Six Nations Summary | In the Dark


I didn’t see many of the games in this year’s Six Nations Rugby because I was abroad for most of it, but yesterday I saw the last round of matches. The last one, between France and England in Lyon, was probably the best game I’ve seen in this year’s tournament. After a fascinating ebb and flow, England thought they had snatched it with a converted try to make it 31-30 with just a couple of minutes to go, but then immediately conceded a penalty on the halfway line. Up stepped Thomas Ramos, who had scored from a similar distance earlier in the game, stepped up and scored. France won 33-31 in a game that could have gone either way. It was effectively a playoff for 2nd place.

Earlier in the day, Ireland held off a spirited challenge from Scotland in a tense and scrappy match to win 17-13 which guaranteed they would be Six Nations Champions. for the sixth time. I don’t think the team reached the heights of last year’s Grand Slam but it was a deserved victory. It was all a bit more comfortable than the scoreline suggests, though Scotland did score a try late on when Ireland lost concentration which made for a nervy few minutes. A defeat would have meant metaphorical rain on the St Patrick’s Day parades going on today, but in the end there was no rain, either metaphorical or literal.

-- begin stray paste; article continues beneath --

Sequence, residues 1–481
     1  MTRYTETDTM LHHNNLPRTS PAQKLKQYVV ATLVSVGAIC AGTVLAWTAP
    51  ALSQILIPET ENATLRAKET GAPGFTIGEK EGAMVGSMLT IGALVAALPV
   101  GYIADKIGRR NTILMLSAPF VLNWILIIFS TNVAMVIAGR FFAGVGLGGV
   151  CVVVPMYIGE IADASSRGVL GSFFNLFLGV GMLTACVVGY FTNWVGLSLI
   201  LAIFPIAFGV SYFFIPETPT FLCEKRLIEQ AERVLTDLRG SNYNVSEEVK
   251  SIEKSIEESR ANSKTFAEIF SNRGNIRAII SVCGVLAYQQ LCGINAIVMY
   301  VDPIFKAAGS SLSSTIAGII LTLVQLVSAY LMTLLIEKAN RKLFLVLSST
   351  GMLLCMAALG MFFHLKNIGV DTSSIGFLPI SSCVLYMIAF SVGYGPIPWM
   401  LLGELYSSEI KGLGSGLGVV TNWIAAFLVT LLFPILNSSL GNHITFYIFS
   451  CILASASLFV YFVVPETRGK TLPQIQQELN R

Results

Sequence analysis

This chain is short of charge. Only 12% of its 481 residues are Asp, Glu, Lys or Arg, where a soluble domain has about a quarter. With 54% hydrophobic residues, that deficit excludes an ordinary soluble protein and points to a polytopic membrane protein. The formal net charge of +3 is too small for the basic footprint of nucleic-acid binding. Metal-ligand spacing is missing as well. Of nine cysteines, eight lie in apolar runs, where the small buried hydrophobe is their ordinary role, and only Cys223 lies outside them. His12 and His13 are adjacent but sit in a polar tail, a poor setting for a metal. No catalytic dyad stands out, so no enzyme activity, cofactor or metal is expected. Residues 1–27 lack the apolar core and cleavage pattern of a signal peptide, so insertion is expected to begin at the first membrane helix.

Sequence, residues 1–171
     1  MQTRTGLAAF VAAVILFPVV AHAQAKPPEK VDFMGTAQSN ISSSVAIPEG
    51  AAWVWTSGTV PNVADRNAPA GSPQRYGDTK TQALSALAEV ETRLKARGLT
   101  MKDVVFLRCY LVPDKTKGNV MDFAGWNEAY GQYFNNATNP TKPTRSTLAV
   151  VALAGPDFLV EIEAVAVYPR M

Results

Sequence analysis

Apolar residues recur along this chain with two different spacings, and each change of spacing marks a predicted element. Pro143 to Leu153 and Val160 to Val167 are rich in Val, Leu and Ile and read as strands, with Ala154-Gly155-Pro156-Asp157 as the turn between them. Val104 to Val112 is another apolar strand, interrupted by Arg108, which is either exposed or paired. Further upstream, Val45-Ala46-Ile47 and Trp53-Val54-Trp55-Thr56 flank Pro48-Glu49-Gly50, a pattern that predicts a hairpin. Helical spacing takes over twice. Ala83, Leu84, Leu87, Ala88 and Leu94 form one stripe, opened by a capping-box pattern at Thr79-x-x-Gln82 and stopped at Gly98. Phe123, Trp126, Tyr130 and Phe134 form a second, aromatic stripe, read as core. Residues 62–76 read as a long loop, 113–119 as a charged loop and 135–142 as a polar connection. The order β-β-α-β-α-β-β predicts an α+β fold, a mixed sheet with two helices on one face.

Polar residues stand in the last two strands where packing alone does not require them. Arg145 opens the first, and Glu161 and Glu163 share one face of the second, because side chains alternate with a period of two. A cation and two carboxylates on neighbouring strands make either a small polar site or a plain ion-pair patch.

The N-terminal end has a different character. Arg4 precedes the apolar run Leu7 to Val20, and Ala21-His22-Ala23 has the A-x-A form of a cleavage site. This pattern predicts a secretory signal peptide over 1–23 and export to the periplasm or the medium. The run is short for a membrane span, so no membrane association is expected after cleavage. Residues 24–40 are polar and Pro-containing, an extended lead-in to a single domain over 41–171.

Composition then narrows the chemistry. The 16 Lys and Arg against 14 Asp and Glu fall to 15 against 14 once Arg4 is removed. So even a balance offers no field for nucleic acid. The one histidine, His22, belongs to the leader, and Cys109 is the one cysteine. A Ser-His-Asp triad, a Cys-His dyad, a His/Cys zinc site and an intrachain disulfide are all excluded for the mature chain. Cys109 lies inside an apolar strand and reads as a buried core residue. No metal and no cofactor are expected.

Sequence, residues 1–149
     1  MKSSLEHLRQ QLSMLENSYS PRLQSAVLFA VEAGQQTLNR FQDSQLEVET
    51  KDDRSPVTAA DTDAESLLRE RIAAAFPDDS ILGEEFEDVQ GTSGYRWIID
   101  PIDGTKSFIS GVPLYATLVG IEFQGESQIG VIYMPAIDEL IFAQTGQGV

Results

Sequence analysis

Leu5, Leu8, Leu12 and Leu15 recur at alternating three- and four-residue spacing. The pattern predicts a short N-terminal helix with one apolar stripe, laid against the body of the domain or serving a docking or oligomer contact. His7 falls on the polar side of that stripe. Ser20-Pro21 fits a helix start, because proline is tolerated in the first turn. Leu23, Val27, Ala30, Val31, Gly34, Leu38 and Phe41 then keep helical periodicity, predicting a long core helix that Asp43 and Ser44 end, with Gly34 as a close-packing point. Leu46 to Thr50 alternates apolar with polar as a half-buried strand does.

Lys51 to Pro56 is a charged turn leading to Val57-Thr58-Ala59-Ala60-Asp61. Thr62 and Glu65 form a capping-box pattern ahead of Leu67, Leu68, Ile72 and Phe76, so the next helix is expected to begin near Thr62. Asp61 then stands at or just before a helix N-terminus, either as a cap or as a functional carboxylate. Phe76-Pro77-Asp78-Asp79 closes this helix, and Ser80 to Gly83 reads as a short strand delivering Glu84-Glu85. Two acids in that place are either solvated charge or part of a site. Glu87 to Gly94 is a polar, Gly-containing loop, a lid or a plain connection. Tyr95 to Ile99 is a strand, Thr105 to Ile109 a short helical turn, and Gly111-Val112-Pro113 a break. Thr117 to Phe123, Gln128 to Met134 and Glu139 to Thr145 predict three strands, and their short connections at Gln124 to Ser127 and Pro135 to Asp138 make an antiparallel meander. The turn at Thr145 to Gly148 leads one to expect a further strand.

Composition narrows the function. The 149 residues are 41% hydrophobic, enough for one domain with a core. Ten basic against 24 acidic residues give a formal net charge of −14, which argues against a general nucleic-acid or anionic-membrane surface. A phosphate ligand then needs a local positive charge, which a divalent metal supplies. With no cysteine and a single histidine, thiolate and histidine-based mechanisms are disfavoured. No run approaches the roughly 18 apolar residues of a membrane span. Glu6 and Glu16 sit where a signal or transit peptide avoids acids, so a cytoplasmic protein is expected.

Given the result in Lyon, Ireland would have been Champions by virtue of their bonus points, even if they had lost to Scotland. England (who beat Ireland last week in a game I didn’t see) had to win with a bonus point to catch them; they managed the bonus point for four tries, but lost the match. Some pundits have commented on whether it was fair for a team to have won having lost more games than the second place team. Of course all the teams know the rules before the competition starts, so there’s no point complaining after the fact. Ireland played attacking rugby knowing that the try count might be important. However, I do think there is a point. In the old Five Nations, and indeed in the World Cup Pools, each team played four games. A bonus point from each of those matches would add 4 to a team’s total, the same as a win. In the Six Nations each team places five matches, so the bonus points could add up to more than a win. A way to remedy this might be to award more points for a win: six for a win and three for a draw is my suggestion.

The first game of the last round yesterday was between Wales and Italy, a game which Italy won to finish 5th. They were unlucky not to beat France earlier in the competition and have played some excellent rugby this year. If they can deal with a marked tendency to fade in the last twenty minutes – as they did yesterday, but managed to hold on – then they will be genuine contenders. Wales had a terrible competition, losing all their games and finishing last. I am reliably informed that “wooden spoon” in Welsh is “llwy bren”.

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